LONDON, UK, 22 March 2021 (PR Newswire) - The Commonwealth of Dominica is inviting digital nomads and remote workers to stay on the island for an extended period under a new visa offering. The newly launched Work in Nature (WIN) Visa allows tourists to relocate to Dominica for a period of up to 18 months to work remotely and live amongst the natural beauty of the island.
|How Iceland clamped down to conquer coronavirus|
REYKJAVIK, Iceland, 23 March 2021 (BBC) - Yes, Iceland is a remote island in the North Atlantic, with just one international airport. And yes, it is home to fewer than half a million people. So it would be fair to assume that it has luck to thank for becoming the first country in Europe to virtually rid itself of Covid.
|Kangaroo Island fires report cites numerous deficiences|
ADELAIDE, Australia, 23 March 2021 (ABC) - Resource deficiencies, communication breakdowns and insubordination within the Country Fire Service (CFS) hampered fire response efforts during last year's deadly emergency on Kangaroo Island, a review has found.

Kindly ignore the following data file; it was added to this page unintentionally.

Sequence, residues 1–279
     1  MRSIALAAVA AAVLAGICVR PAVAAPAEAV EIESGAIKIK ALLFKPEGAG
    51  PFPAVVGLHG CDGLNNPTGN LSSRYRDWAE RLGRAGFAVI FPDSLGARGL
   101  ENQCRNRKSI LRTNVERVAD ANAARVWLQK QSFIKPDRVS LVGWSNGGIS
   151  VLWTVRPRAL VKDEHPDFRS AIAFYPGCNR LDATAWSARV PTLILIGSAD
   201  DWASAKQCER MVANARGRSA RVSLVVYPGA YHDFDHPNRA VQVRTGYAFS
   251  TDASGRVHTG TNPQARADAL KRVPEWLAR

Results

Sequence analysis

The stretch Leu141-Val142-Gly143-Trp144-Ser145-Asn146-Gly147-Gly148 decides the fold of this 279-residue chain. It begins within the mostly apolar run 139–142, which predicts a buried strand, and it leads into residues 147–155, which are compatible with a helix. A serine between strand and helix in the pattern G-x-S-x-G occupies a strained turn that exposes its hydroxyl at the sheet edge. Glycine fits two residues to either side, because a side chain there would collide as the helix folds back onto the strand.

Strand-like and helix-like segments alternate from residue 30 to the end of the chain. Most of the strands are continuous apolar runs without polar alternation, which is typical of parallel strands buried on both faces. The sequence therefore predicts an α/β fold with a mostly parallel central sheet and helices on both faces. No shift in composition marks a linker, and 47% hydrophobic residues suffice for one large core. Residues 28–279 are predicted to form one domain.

|Lack of prey is causing puffin chicks to starve|
OXFORD, UK, 23 March 2021 (Phys.org) - New research from the University of Oxford's Department of Zoology has used innovative technology to study causes of declines in puffin populations in the northeast Atlantic, and found that a lack of prey near some major breeding colonies is driving puffin chicks to starve, ultimately leading to population declines.
|Indonesian campaigners triumph against a coal mine in top court|
JAKARTA, Indonesia, 23 March 2021 (Mongabay) - Environmentalists in Indonesia’s South Kalimantan province have emerged victorious after a three-year legal battle against a company that planned to displace thousands of people and mine coal in a rich, mountainous rainforest.
|Study calls for a marine reserve in a fishing hotspot in Indonesia|
JAKARTA, Indonesia, 23 March 2021 (Mongabay) - A new study proposes establishing a marine protected area in Indonesia’s Java Sea-Makassar Strait region, one of the top fishing grounds in the country. The study found that much of the commercially valuable snapper and grouper species caught in these shallow waters are juveniles, which compromises the sustainability of the species’ populations and of the $500 million fishery itself.